Finally, meaningful research for people living with multimorbidity is often based on complex designs, such as multi-level epidemiological studies or pragmatic trials. We therefore strongly argue for scientific journals not neglecting research grounded in the real world of practice. They should not only focus on “sample size” and “international generalizability”, but should also be concerned by clinical relevance and potential for implementation and transferability in different contexts. Producing and publishing practice-based evidence is required to practice evidence-based medicine relevant to the context, with the potential to eventually improve the life of our patients.
[1] http://cmajblogs.com/thinking-the-unthinkable-about-general-practice-research/

Psychosocial, musculoskeletal and somatoform comorbidity in patients with chronic low back pain in primary care

By Aline Ramond-Roquin

This recently published study (1) is part of my thesis in public health untitled “Risk factors, comorbidity and management of non-specific low back pain in general practice”, undertaken in the University of Angers, France, in partnership with the Department of Primary and Community Care of Nijmegen, The Netherlands.
Literature has suggested that patients with chronic low back pain (CLBP) presented higher level of psychosocial, musculoskeletal and somatoform comorbidity than general population. As such morbidity is particularly common in primary care, we were interested in the following question: in general practice, do patients presenting with CLBP more often present psychosocial, musculoskeletal and somatoform problems than patients presenting with other problems?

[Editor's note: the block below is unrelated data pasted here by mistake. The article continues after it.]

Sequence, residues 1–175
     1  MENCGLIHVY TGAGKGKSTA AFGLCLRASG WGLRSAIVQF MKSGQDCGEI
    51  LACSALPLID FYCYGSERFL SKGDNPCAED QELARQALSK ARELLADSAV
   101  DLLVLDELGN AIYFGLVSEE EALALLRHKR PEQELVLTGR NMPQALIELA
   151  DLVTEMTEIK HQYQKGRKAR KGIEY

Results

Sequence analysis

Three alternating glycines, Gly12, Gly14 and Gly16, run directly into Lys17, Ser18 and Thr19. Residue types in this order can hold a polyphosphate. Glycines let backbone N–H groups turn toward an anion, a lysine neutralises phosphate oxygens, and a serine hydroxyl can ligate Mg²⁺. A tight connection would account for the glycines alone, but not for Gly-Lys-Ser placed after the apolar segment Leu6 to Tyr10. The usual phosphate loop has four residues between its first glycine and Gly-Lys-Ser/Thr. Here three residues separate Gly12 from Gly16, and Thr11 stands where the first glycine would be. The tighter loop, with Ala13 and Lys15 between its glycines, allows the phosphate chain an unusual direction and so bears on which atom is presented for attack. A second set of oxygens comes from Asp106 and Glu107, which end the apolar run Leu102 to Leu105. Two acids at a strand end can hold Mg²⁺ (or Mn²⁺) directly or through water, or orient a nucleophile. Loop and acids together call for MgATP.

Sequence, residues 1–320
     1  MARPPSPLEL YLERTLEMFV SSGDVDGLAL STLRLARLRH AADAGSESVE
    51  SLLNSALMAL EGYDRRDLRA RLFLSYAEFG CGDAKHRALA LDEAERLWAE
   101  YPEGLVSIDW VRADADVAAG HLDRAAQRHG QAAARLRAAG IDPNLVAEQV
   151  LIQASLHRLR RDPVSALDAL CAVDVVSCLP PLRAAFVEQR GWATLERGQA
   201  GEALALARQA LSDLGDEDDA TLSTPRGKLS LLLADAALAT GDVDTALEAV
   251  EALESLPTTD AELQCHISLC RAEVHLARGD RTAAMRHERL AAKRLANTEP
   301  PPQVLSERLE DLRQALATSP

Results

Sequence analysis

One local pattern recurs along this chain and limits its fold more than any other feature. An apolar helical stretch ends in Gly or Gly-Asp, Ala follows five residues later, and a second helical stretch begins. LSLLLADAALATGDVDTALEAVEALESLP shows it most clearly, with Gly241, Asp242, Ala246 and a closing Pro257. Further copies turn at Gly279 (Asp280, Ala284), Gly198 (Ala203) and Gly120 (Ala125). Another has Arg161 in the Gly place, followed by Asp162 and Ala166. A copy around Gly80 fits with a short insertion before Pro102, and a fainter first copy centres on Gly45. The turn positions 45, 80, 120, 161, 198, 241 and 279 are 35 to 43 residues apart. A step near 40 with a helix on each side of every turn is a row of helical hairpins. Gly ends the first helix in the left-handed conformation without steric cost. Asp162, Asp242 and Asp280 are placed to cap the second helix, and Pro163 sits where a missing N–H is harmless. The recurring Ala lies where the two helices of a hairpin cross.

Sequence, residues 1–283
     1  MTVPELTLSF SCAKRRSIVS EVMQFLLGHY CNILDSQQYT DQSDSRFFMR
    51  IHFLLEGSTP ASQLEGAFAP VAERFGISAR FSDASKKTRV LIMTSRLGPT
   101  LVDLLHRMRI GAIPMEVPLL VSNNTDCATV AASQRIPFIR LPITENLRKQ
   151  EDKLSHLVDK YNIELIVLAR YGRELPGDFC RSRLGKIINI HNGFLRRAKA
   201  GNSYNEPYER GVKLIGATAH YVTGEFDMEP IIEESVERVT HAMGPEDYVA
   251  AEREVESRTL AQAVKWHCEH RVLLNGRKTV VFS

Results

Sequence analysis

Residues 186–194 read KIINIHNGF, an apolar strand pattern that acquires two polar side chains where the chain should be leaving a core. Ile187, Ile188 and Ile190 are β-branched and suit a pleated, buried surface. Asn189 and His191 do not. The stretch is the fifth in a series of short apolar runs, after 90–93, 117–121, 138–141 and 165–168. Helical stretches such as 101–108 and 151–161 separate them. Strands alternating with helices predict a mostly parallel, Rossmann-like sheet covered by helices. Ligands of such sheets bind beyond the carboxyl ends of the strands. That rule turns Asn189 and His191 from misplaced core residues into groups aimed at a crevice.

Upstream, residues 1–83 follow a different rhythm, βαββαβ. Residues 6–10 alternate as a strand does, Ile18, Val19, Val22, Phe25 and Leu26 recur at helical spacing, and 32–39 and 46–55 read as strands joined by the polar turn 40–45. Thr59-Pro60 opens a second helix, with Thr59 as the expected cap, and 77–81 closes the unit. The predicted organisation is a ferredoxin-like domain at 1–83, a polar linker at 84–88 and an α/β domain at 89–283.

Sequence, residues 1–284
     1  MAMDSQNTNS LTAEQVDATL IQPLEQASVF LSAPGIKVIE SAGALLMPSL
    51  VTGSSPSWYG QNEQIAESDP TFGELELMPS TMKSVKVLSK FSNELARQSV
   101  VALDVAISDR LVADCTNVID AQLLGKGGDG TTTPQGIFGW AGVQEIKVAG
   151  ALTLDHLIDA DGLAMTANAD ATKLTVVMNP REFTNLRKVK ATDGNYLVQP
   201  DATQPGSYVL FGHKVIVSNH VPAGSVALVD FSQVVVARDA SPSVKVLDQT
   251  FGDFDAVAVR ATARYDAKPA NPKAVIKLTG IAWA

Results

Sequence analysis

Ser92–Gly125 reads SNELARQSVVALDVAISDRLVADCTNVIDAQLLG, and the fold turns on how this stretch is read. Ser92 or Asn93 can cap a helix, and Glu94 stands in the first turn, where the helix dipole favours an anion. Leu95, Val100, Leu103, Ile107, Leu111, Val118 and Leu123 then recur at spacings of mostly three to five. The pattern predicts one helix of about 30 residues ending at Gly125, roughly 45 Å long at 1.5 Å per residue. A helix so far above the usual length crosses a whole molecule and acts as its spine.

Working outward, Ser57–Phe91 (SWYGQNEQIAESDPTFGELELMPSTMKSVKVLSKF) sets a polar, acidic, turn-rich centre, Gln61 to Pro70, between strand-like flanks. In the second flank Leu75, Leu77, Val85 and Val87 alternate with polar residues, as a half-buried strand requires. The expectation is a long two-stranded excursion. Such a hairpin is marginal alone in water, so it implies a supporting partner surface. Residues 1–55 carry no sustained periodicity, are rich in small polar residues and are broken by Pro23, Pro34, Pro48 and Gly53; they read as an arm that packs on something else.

We extracted data from the Transition Project, a long-standing, experienced primary care practice-based network that has been systematically and prospectively coding the diagnoses related to all the encounters between the patients and their general practitioners, using the international classification of primary care. We compared the prevalence of the problems presented by 1511 patients with CLBP with those of their 1511 matched patients without CLBP, focusing on the period from one year before the beginning of an episode of care for CLBP to two years after it. Patients with CLBP presented higher prevalence of musculoskeletal problems but similar prevalence of psychosocial and non-musculoskeletal somatoform problems, compared to other patients consulting in the same setting. Therefore we concluded that:

1)    General practitioners should be aware of the frequency of multi-site musculoskeletal disorders, whether synchronous or metachronous, and adopt an integrated approach when caring for patients with such problems.
2)    Rather than  systematically screening for specific psychological, social or somatoform disorders, they should consider with the patient how CLBP and any type of potential comorbidity interfere with his/her daily functioning.

1) Ramond-Roquin A, Pecquenard F, Schers H, Van Weel C, Oskam S, Van Boven K. Psychosocial, musculoskeletal and somatoform comorbidity in patients with chronic low back pain: original results from the Dutch Transition Project. Fam Pract. 2015 Jun;32(3):297–304